Vincent- Great point… we become accustomed to our weather here too. Being from Vermont, your friends were used to a lot of snow! We tend to stock up on things a bit in advance of winter weather…
     
    Edelweiss- Thanks, and you are so right. It was our first rainbow this year by the way :)

  8. Ed Abbeyon 23 Sep 2009 at 2:14 pm

    Vincent’s comment reminds me of my years up north in Minnesota. To them it was just a slight flurry if there was less than a foot of snow and winds under 40 miles per hour. My first week up there, I could not see the street from the sidewalk just a few feet away and I drove around with a sheet of ice on my windshield with plate sized clear spots for almost a month! Sometimes I long for another winter like those just so I don’t begin to take our southern Iowa ones for granted.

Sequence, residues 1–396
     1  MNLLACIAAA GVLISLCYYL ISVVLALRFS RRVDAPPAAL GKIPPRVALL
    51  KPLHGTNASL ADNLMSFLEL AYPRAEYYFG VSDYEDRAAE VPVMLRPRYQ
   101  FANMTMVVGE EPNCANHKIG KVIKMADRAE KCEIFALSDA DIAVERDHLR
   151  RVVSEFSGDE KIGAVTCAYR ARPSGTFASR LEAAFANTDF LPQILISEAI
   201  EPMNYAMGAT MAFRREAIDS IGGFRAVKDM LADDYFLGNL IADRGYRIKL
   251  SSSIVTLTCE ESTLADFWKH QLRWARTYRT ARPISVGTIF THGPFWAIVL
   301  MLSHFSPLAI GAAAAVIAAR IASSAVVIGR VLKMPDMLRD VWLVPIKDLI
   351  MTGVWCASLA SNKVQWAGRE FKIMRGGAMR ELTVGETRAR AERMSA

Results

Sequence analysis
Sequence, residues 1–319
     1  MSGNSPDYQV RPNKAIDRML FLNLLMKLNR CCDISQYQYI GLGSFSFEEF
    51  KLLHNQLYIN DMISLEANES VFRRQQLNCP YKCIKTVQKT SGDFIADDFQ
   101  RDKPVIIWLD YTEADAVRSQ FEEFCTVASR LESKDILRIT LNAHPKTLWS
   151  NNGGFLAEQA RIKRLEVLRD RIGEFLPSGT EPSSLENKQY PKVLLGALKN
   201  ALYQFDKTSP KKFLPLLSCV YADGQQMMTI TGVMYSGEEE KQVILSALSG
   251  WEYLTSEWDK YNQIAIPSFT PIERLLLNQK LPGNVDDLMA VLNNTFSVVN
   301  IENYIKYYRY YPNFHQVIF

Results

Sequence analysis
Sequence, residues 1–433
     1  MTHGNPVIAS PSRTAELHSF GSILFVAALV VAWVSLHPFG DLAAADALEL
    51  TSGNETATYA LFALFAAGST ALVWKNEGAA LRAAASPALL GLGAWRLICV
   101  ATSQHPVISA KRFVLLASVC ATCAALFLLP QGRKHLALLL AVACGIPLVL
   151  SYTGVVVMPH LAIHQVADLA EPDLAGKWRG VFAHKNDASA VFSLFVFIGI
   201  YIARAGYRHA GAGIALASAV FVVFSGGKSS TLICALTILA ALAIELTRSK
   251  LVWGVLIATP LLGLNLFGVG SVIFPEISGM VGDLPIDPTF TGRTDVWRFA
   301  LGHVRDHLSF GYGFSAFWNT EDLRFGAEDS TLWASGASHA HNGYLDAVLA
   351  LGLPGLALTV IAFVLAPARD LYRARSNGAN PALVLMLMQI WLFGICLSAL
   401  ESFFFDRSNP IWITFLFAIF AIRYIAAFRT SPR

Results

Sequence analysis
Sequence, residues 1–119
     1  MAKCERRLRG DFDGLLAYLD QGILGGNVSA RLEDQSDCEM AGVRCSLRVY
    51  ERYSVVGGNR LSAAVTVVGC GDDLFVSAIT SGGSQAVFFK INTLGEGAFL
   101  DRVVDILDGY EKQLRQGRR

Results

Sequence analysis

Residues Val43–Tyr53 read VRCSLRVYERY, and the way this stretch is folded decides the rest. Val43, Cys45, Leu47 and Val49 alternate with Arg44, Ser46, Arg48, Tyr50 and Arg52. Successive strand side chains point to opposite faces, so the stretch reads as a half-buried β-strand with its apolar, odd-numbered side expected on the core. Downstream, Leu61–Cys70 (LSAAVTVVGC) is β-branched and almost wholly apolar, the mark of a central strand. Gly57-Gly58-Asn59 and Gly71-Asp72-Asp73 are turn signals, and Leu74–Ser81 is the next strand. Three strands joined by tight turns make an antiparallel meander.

9. Vincenton 24 Sep 2009 at 2:23 am

    The giggle about the Vermont friends is that the alpha female is all of 4’10”, who somehow manages her mate and three boys, all above 6′. Who at this time kicked slush and ice at all and sundry and at a speed only slightly less than the normal.
    Seeing a tiny person throwing a car at corners like the thing was on rails with four giants grinning with glee is an image of Irish family life that I will take to the grave.

  10. Beauon 24 Sep 2009 at 1:40 pm

    Ed- I just remember winters in the ’70’s as being much colder and snowier. As for what you described… please keep it up there!
     
    Vincent- That’s too funny! What a memory…